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Most JuD activists untraceable in Pakistan
December 16, 2008 17:56 IST
A former Pakistani Colonel considered close to Jamaat-ud-Dawa leader Hafiz Mohammad Saeed has been put under house arrest in Rawalpindi as part of the crackdown on the group, which was declared a terrorist outfit by the United Nations, even as most of its activists in the garrison city and nearby areas remained untraceable.
Police in Rawalpindi have confined top Jamaat-ud-Dawa leader Colonel Retired Nazir Ahmed to his residence in Chaklala for three months, as part of the ongoing clampdown on the front organisation of the Lashkar-e-Tayiba, blamed for the Mumbai attacks.
An official report accessed by the Daily Times showed that 40 wanted JuD activists belonging to Rawalpindi and nearby areas were named in the document. However, police had succeeded in detaining only Ahmed, a close aide of the group's said.
Following the crackdown, JuD activists had gone into hiding, the report said. A police official said the net was being tightened around them and they would soon be arrested.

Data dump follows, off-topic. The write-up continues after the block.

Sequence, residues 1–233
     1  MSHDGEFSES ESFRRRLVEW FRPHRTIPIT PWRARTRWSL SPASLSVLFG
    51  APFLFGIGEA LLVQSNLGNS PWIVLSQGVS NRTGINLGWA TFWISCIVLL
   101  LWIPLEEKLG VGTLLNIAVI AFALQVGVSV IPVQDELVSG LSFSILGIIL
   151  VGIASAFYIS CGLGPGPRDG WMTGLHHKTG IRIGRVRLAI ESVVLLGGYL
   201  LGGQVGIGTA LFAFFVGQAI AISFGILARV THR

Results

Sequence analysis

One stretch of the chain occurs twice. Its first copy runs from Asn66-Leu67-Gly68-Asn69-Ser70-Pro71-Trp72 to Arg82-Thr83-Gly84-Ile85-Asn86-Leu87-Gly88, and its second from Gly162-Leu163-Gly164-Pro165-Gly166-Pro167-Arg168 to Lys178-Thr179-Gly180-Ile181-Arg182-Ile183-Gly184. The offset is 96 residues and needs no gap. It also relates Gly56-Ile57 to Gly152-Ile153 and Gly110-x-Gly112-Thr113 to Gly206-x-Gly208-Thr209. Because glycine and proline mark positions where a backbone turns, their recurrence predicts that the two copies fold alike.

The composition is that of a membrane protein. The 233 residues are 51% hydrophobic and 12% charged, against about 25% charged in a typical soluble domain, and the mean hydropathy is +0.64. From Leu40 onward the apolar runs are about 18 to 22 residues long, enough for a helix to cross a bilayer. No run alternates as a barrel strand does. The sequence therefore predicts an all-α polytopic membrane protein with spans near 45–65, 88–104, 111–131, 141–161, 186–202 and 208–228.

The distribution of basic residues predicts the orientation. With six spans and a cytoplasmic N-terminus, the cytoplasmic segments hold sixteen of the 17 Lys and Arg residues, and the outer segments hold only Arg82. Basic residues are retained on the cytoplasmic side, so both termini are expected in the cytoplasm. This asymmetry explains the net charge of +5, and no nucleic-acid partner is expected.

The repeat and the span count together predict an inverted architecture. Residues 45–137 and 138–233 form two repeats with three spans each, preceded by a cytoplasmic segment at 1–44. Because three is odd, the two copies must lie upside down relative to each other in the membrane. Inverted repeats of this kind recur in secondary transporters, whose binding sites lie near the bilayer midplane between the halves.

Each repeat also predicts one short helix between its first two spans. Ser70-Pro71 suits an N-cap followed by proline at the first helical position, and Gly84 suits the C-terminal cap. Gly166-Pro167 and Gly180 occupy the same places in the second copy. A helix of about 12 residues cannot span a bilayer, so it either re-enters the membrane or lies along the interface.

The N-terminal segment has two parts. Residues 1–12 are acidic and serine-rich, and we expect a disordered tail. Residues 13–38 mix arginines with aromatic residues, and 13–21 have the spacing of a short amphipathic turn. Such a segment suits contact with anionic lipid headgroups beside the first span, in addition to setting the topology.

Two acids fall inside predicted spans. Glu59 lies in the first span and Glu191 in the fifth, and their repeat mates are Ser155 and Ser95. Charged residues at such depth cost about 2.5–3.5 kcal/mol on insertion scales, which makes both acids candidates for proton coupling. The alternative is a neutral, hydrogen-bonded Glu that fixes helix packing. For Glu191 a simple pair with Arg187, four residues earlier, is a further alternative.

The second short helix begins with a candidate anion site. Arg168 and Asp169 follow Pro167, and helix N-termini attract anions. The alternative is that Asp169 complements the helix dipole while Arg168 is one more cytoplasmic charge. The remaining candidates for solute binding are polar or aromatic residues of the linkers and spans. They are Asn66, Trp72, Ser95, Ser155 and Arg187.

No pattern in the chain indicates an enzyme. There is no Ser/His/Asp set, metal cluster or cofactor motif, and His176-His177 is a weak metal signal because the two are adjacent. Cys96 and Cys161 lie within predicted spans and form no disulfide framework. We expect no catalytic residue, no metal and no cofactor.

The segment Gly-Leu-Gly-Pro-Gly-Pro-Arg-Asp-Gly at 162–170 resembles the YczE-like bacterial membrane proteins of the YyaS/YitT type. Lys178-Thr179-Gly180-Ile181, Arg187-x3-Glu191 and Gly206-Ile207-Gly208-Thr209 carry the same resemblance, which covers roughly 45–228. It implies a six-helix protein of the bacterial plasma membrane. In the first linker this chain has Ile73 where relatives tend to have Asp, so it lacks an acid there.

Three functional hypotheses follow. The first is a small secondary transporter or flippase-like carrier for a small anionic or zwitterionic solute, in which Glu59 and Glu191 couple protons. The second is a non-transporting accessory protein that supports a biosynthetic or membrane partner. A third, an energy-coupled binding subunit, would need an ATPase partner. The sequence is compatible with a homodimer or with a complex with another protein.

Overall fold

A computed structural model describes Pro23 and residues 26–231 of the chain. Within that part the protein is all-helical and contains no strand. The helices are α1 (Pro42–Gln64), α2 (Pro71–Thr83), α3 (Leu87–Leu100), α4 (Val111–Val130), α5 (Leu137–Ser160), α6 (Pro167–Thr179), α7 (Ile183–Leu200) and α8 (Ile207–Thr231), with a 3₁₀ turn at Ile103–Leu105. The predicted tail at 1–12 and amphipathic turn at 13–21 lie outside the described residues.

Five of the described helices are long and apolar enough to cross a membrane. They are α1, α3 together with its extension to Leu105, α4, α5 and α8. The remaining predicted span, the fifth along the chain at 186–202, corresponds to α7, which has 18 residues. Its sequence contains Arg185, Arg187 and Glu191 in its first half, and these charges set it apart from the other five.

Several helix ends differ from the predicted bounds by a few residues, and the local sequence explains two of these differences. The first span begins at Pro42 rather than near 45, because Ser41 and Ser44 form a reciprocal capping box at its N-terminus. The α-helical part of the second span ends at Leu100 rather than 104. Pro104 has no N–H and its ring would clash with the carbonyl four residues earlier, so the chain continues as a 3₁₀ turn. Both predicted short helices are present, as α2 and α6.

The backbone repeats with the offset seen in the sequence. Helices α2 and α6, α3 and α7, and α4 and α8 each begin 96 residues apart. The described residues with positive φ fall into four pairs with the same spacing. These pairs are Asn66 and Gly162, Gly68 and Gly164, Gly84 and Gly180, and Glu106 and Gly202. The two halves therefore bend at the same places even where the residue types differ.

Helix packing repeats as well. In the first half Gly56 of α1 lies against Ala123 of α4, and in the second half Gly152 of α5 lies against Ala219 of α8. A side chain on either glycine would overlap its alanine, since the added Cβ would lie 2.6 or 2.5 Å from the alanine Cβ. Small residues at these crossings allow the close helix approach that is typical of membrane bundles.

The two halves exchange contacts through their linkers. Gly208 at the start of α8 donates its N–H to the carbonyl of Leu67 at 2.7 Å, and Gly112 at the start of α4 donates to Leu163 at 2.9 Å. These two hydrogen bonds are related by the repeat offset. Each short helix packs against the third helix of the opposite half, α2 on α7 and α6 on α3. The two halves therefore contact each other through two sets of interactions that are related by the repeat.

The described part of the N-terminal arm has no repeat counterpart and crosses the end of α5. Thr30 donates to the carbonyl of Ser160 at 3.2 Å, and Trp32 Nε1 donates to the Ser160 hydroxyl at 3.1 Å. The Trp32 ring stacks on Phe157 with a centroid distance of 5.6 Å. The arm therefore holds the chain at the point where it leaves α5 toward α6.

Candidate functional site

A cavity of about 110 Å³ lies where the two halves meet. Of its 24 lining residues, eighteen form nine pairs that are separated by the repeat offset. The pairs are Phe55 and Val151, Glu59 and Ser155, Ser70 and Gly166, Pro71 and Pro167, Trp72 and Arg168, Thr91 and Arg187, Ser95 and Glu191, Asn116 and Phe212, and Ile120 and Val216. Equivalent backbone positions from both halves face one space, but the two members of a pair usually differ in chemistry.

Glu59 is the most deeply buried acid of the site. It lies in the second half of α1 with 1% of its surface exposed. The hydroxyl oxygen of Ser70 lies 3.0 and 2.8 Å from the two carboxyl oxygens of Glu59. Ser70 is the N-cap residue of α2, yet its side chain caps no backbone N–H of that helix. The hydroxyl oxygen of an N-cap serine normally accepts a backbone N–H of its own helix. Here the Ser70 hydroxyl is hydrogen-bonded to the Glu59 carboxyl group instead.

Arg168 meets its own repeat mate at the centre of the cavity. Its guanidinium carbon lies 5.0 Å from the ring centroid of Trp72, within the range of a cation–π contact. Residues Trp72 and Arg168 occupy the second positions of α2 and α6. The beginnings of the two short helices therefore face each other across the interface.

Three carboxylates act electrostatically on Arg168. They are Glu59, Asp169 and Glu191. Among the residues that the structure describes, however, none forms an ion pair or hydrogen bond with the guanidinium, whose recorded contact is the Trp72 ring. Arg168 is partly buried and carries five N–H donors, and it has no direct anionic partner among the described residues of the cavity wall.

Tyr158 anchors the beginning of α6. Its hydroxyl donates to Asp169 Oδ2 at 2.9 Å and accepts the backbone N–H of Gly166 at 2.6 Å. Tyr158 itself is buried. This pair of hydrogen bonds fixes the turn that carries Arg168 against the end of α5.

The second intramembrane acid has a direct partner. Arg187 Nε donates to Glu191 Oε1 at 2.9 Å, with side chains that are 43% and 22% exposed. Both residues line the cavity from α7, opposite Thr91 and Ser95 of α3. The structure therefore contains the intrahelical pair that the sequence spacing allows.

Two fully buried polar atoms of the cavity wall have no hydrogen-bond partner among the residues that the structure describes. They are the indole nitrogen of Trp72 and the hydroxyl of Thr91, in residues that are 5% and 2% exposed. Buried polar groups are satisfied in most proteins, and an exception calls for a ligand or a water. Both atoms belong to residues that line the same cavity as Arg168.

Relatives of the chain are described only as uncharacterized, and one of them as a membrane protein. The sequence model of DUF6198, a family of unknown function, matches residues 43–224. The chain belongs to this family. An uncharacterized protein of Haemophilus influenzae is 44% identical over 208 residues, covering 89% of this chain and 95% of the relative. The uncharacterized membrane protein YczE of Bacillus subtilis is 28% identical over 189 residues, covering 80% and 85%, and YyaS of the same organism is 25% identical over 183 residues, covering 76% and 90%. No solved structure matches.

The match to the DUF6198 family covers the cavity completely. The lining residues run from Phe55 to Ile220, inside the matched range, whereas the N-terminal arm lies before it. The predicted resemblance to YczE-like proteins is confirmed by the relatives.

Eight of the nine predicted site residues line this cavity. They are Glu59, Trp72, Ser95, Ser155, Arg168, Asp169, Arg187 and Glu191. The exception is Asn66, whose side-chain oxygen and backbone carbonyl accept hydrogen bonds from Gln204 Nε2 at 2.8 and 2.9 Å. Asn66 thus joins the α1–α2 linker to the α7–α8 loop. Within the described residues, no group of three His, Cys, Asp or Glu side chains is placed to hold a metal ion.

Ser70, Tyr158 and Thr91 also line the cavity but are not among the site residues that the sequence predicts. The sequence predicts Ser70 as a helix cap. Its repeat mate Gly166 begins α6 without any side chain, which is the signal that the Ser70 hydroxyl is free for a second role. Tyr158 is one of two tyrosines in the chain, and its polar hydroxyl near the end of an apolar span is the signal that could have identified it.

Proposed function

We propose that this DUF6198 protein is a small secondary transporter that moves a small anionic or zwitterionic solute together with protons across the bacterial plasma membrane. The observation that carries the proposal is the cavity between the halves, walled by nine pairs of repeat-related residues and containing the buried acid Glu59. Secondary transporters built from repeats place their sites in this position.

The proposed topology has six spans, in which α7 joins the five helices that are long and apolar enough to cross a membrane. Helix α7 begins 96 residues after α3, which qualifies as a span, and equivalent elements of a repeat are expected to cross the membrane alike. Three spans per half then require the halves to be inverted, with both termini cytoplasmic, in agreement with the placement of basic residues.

Police and other law enforcement agencies are sharing intelligence and plain-clothedofficials are keeping an eye on the sealed offices, the official said.
JuD chief Saeed, also the founder of LeT, and about 50 leaders and activists of the group have been detained for up to three months as part of the crackdown launched last week.
Authorities have also rounded up more than 20 LeT members, including operations commander Zakiur Rehman Lakhvi, the suspected mastermind of the Mumbai attacks.
The whereabouts of these LeT members were unknown though Premier Yousuf Raza Gilani [Images] recently said they were being questioned and investigated by authorities.
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